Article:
Dr. James Buchanan passed away last week. I won't try to out-do Tyler Cowan's brief but excellent summary of his accomplishments (I couldn't anyway), but a quick look at them will reveal that he leaves some very large shoes to fill.
Although I did not meet him, it occurred to me this morning as I was milling about that I owe him a thank you.
For several years after first identifying as a libertarian I fell into a trap that so many of us do: I felt as though we are surrounded with conspiring, possibly evil statists in power paired with willfully ignorant people who were content to leech of the state (akin to Rand's "moochers"), feelings bolstered by residual tribalism from years in politics. When I encountered people with whom I disagreed I would try to come up with witticisms and uncomfortable facts designed to put my opponents, as I thought of them, into the position of realizing they must be capable of supporting something abhorrent with their beliefs. I surely drove people away in the process.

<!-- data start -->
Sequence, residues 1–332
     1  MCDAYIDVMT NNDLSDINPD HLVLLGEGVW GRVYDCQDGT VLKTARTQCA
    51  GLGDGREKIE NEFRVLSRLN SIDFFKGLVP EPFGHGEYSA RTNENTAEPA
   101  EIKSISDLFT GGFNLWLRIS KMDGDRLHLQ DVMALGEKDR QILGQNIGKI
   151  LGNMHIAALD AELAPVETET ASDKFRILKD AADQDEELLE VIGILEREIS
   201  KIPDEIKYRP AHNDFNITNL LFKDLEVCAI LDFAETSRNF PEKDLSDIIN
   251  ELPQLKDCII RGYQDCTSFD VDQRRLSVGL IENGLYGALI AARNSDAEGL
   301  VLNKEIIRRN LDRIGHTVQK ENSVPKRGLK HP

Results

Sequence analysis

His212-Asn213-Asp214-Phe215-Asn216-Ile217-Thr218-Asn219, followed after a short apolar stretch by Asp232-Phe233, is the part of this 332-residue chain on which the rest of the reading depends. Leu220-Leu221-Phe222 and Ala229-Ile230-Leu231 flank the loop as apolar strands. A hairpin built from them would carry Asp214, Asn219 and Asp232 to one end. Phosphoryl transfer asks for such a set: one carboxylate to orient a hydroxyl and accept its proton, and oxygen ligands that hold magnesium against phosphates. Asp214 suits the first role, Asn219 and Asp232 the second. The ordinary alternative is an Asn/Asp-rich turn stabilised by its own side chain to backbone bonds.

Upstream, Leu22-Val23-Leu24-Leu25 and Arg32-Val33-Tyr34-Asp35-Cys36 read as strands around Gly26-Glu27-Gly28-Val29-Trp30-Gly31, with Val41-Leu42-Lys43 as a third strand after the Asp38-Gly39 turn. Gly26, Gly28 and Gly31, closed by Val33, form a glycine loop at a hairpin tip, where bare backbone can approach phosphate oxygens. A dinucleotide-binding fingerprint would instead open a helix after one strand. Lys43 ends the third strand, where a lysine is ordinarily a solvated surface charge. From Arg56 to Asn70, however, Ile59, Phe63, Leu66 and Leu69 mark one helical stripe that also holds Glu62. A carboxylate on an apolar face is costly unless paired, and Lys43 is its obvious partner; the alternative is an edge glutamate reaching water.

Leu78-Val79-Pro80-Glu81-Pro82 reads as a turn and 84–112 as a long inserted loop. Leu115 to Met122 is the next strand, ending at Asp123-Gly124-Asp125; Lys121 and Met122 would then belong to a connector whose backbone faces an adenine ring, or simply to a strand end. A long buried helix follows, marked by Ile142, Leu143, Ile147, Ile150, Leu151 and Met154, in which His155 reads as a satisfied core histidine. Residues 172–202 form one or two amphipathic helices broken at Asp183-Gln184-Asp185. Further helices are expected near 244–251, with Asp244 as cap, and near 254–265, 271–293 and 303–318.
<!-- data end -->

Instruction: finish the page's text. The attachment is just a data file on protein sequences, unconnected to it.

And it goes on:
And then I attended a Fraser Institute/Liberty Fund co-sponsored seminar on public choice economics, the rationale behind which is that we should treat everyone the same when it comes to understanding how they make decisions, whether it's in the market, in politics or anywhere else. (You can read more about this and why it's important in Steve Horwitz's recent column.) During this seminar I had a moment of clarity.
If bureaucrats and politicians (who are the most evil of all if you are an Angry Libertarian™) are just people responding to incentives, it changes everything. No one is evil. People are just people - none of them are angels, none devils.
Realizing this allowed me to make a drastic change in my outlook on life. The presumption of good, impossible if evil people are the reason for our problems, allows me to see that we are all looking for ways to make the world better - we just have different ways of understanding our problems and trying to solve them. Intelligent, good people disagree about all sorts of things.
This has made the world a much less scary, hostile place for me. It has helped me to empathize with people I disagree with and allowed me to spend my time trying to understand them better rather than trying to figure out how to "trick" them into liberty.It has allowed me to become a better person.
So thank you, Dr. Buchanan, for developing the insights that helped make my world a more peaceful, miraculous and beautiful place for me. The best way I can repay that is to keep trying to bridge the gaps with those with whom I disagree, and I intend to do just that.